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  • Rebecca Hunt
    Rebecca Hunt posted a topic in the forum The Round Table: Brainstorming & Problem-solving:
    • May 31
    • Rebecca Hunt
      Diane Scarpelli Wow - the resources and points of argument are so many. Bob Hoffman on his blog "ad contrarian' succinctly addresses most of them. - citing specific studies and outcomes of people like Kraft which pulled their radio-tv for social media relationship-building with pretty devastating market-share results. This person you're talking to may be using Facebook as an excuse for not using radio or other media because he doesn't have the budget - see if he buys anything else, like outdoor, direct mail, et al. This person also may just be a heavy Facebook user him-herself - a shrinking percentage of the buying public. - but he/she is relying on personal experience.

      Do not tell this person he/she is wrong. Tell him/her they are indeed talking to people who already know about them but you can provide traffic of new customers thru reach and repetition. - this is a market segment that can grow their business that he/she is not talking to.

      #1 argument is "Facebook is free" - Facebook is only free if you put absolutely no value on your time whatsoever or on the time spent by an employee(s) on the Facebook endeavor. Effective social media takes time, requires creativity, (good) photos and more time. #2 argument concerns who you are talking to on Facebook. You're actually talking to people who already know enough about you to have 'liked' your page - not potential new customers. And not a lot of people like or pay attention to commercial posts on Facebook because (a) they are invariably selling something in a (b) social setting. There has been a buzz in the ad world about creating relationships between customers and products/businesses... only to now find out from polls and studies that buyers have no interest in having a relationship with Tide detergent, Kraft Macaroni & Cheese or the business that just sold them a couch - they just. don't. care. #3 friends and likes do not = sales. They might, sometimes, for one thing here or there. But if your Facebook-loving client is honest with you, he/she would admit that there are people who post or reply on their page all the time that never actually buy anything. In a flurry to pick up likes on his/her page, actual friends, neighbors and others who know the owner but never shop there will like the page. Some of these people are outside the market. And there are shops that actually sell likes on social media. #4 on radio, thousands (tens of tens of thousands) of listeners hear a commercial. repeatedly - it's a mass medium. And messages work when they are heard repeatedly. On Facebook, the message is seen (maybe - how do you know) once and this business owner you're talking to probably has at most several hundred friends on Facebook. Radio is omnipresent (on at offices, businesses, in homes, in cars) and invasive - studies show (see RAB) that people can recall radio messages even when they don't think they were listening.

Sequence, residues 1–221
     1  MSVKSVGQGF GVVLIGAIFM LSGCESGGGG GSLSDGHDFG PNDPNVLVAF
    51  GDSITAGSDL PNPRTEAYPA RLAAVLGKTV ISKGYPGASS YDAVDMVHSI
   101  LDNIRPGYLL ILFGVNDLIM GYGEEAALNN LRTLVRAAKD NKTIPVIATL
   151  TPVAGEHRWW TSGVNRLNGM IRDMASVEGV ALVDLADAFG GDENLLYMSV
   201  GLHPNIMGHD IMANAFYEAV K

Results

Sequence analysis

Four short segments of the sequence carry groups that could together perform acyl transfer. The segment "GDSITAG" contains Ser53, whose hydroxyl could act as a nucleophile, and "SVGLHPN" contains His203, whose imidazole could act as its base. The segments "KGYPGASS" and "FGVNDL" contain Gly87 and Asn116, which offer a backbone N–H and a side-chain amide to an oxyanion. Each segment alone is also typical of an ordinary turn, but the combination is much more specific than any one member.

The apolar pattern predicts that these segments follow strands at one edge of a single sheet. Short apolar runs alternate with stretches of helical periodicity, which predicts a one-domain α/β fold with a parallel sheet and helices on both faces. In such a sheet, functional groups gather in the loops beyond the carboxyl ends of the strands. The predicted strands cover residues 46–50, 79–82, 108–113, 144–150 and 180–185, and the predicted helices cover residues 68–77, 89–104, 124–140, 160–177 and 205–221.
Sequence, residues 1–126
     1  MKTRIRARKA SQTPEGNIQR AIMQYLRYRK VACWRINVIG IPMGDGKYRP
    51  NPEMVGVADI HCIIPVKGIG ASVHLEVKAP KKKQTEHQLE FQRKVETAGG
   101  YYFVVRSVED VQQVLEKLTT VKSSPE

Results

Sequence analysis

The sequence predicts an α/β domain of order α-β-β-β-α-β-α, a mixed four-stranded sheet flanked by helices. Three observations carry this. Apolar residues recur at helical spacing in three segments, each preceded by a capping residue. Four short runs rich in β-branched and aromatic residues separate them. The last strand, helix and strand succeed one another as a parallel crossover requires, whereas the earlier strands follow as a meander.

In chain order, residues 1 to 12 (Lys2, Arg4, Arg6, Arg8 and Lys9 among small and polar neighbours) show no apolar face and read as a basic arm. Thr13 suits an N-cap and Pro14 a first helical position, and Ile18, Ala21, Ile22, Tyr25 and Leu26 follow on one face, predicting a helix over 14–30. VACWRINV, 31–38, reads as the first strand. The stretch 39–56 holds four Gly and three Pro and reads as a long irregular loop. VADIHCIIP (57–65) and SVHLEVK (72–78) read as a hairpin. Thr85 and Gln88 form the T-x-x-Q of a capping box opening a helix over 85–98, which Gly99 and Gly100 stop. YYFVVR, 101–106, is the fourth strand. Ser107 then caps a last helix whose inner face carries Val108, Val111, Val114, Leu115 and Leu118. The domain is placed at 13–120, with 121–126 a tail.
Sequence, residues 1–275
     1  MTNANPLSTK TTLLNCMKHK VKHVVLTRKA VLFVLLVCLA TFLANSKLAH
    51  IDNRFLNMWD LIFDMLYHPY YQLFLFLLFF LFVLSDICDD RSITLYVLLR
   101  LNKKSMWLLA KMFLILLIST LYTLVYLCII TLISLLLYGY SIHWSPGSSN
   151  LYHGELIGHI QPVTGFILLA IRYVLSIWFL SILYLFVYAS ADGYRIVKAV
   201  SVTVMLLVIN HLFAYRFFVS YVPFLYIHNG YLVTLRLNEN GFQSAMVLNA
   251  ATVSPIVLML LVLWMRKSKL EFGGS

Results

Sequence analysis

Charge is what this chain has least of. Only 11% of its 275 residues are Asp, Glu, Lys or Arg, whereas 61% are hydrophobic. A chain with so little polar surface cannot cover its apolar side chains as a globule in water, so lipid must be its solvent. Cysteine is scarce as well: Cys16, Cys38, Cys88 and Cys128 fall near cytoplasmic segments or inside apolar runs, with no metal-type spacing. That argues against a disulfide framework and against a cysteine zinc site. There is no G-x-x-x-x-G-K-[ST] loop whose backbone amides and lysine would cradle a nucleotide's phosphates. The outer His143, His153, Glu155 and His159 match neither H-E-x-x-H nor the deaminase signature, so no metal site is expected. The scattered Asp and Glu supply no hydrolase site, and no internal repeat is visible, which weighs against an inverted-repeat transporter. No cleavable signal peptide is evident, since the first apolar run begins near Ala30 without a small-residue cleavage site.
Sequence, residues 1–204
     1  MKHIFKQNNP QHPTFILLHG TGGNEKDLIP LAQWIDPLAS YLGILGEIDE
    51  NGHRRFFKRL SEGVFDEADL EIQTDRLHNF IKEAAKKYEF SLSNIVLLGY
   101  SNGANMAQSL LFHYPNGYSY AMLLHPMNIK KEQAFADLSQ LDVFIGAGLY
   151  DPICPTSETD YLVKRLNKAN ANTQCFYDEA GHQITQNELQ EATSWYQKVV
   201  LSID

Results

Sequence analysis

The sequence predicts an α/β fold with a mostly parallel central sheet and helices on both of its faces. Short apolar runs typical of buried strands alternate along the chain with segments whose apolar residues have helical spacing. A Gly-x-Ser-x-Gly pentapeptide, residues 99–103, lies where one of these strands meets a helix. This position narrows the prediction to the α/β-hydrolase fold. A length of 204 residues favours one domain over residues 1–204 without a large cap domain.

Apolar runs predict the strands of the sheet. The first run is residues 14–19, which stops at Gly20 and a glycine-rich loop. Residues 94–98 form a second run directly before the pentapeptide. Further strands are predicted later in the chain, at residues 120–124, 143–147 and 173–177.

• May 31
  • Diane Scarpelli
    Diane Scarpelli 2 stories: #1 have an auto repair shop who signed up for an annual branding type of schedule, experienced significant increase in business and awareness of his business name (brand) . He has reached a point in his business where he would like to sell and retire but no takers at this point. He has continued the annual for now 6 years, added one other station in our group 3 years ago, does not buy much in the way of additional time/packages but does not consider canceling - his thinking is somewhere along the line of the Wrigley gum story already posted. He recommends us to other business owners he knows. He also tells these businesses it's foolhardy to pull advertising, that's it's part of doing business.
    #2 a garbage pick-up company signed on and inspired, at times helped in the writing of some extremely quirky funny production for which we developed the platform. He voiced the ads, sometimes with his wife and son included as well. At the time 2 years ago there were 2 regional garbage companies here plus 3-4 local competitors. The response was immediate, made him something of a local celebrity and the timing of the campaign was somewhat serendipitous as the market was apparently nearing over-garbage-collected and teh economy was down. One of the regionals lost enough business they pulled out of the market, a local retired and both sold their routes to our client. He decided to add a contest re: the 500th customer would receive $10,000 (this was an insured a la car dealers do with win a car at a hole-in-one in golf tournaments). Between his notoriety, contest and market pressure on other providers his business is big and dominant to the point that he's had to invest in additional equipment and containers. He decided he no longer needed the advertising . It's been 8 months. We're still talking to him. Listener actually tell us they miss the ads. We are hopeful as he catches up on the increased demands of his business that he will return to advertising.

    I include both stories because the argument that there are only 2 kinds of businesses - those in ascendance and those in decline - is apropo. The kind of advertising a business does to grow is bigger, aggressive, even intense. The kind of advertising a business does in maintenance/decline is consistent, persuasive, targeted with sporadic promotional periods for new locations, changing products, added services. So the kind of expenditure and scope in the growth phase is likely larger. The expenditure and scope in the maintenance/decline phase can be less but provide opportunity for the client to jump in with something new they have or that you present.
    • October 6, 2018